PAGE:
Some of these 59,000 value restorations will see increases greater than 5% year to year. Assessor Webster Guillory notes that was no  pattern as to where these value hikes occurred. “The market is mixed,” he says.

Overall, the Assessor report says …

  • 300,000 property values were reviewed, including “single-family homes, townhouses, condominiums, multi-family apartments, commercial/industrial buildings and timeshares.”
  • 148,000 of these Orange County properties got taxable values reduced or kept the same.
  • 78,000 residences got further back-to-back decreases vs. over 160,000 last year. To the Assessor, “This reduction is reflecting a stabilizing residential real estate market.”
  • Over 7,000 commercial, industrial, and multi-family properties got value reductions vs. about 1,800 last year to over 7,000 properties this year. To the Assessor, “The market for these properties continued to decline in 2009.”

One quirk this year is that the Prop. 13 cap on increases on taxable values actually was a decrease of 0.237% for this 2010-2011 tax year. Why? Because the cap is based on a statewide Consumer Price Index, a benchmark that fell in 2009 — the first drop since Prop. 13 passed in 1978. So for many taxpayers, those with market values in excess of their discounted Prop 13. values, their tax bill will fall modestly in the coming year.

When it all added up, Orange County secured property roll totaled $396.1 billion, down $1.69 billion or 0.43% than last year. Orange County’s unsecured roll — business personal property, plus marine and aircraft  — was $20.6 billion, off $340 million or 1.61%. Combined, it’s $417 billion, down $2 billion in a year.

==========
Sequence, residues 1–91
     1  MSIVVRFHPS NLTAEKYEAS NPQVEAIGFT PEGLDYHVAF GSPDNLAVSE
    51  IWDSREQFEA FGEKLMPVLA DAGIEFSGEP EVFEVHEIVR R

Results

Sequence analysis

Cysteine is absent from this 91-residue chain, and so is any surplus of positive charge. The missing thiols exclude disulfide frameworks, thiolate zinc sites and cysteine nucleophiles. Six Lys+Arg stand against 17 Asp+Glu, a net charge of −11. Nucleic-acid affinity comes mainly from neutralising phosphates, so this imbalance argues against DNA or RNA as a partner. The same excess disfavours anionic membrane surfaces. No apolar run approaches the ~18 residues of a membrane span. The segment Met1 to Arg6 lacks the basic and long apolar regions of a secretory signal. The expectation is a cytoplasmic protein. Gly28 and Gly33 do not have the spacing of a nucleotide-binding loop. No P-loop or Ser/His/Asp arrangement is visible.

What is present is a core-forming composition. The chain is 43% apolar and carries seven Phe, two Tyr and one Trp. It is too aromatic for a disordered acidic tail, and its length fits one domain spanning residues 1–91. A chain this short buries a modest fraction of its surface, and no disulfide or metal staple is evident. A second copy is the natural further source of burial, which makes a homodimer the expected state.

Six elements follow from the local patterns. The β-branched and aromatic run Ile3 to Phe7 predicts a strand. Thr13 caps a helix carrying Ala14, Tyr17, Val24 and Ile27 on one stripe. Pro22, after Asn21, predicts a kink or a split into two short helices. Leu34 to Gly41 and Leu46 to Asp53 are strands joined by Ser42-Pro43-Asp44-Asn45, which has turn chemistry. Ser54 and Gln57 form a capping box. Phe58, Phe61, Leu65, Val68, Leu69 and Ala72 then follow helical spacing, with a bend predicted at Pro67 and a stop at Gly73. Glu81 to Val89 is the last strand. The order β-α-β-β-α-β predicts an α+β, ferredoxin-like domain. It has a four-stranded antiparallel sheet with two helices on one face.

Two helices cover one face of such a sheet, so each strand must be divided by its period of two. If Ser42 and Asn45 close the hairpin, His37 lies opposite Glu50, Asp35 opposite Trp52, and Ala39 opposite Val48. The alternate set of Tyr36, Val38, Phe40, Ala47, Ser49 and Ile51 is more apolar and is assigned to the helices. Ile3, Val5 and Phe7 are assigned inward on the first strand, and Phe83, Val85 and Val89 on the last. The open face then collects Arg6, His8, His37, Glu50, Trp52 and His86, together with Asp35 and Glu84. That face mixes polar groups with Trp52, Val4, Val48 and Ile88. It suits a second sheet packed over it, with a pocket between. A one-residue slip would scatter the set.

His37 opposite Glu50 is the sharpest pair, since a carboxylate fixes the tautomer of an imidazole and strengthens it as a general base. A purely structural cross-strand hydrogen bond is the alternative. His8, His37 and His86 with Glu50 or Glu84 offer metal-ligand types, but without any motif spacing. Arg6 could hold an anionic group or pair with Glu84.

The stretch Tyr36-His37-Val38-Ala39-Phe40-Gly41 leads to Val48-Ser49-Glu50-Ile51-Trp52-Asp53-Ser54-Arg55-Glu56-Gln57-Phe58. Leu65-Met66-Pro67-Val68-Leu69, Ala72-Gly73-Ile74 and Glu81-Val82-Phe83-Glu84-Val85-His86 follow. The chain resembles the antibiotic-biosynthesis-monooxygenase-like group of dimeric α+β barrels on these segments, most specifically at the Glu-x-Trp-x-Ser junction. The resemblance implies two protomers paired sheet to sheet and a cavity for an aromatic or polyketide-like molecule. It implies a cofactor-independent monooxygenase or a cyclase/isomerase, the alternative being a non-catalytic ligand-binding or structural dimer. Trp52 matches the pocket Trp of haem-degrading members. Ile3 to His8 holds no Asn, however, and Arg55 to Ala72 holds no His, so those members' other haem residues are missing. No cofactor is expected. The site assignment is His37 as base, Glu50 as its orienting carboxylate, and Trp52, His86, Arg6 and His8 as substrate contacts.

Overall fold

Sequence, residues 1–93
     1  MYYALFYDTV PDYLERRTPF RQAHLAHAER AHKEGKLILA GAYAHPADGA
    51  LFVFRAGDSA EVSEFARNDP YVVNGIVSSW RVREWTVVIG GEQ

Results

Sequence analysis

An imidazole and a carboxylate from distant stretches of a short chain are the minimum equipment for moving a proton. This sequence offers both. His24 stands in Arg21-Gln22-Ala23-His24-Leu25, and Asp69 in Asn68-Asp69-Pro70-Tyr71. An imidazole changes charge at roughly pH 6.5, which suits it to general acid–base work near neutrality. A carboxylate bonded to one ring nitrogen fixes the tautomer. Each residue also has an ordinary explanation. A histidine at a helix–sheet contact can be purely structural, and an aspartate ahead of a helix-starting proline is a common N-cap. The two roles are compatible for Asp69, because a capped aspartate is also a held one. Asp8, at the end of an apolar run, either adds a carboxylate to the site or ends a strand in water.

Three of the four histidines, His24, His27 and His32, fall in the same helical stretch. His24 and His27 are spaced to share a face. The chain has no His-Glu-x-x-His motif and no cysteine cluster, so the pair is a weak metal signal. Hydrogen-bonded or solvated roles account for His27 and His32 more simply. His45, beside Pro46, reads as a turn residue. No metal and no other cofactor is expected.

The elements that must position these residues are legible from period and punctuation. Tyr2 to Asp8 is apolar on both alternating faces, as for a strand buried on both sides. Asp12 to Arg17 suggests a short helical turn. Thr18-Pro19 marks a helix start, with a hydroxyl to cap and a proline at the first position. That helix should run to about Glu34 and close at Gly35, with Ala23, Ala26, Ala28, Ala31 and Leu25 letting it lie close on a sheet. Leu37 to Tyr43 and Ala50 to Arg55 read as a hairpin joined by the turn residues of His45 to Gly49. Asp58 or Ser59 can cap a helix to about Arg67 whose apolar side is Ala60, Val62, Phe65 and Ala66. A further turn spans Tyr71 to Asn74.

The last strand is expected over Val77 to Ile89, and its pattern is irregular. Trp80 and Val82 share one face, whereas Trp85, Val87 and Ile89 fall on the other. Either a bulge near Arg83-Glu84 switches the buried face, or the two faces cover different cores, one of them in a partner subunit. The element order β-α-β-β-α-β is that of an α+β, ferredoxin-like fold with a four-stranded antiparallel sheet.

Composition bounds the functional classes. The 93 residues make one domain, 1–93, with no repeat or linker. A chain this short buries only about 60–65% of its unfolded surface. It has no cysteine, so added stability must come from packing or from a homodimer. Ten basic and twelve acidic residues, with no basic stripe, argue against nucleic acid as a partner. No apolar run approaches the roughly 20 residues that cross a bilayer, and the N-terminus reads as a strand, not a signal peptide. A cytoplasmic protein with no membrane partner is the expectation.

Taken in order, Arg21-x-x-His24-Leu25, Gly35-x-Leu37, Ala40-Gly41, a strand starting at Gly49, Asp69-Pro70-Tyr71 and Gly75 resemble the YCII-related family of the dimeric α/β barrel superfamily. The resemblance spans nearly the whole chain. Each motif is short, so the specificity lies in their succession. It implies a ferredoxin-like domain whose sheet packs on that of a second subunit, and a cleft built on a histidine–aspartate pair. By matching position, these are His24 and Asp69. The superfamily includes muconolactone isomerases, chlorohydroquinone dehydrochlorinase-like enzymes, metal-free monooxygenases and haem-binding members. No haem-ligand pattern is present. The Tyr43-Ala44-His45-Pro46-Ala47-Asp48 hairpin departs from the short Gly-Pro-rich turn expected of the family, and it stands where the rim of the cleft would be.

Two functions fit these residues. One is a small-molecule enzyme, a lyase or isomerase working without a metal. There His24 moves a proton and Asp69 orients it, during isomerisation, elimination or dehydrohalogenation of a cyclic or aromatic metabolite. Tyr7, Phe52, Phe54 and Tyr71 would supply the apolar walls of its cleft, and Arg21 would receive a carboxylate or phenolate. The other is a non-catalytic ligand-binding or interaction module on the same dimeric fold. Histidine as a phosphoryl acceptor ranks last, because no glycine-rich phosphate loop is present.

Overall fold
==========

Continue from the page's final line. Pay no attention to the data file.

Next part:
Since the Assessor’s Office does its valuations based on property trends, we had to ask if Guillory had seen evidence that the worst was over for local real estate. He told us:”We’re not there yet .. that a market bottom is here.” He adds: “Look across all property types, they’re all behaving differently … the market is not homogeneous”

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Awful Real-Estate Listing Photos: How Not to Take Them


Original Post Date: July 22, 2010

By: Sarah Max

With the market in a post tax-credit slump, you’d think home sellers would be bringing their A-game in trying to unload their property. But a search through some recent home listings reveals some pretty horrid house photos. A recent post on Seattle Bubble has some great examples of bank-owned listing photos that would scare away most buyers, save for maybe Gomez and Morticia Addams.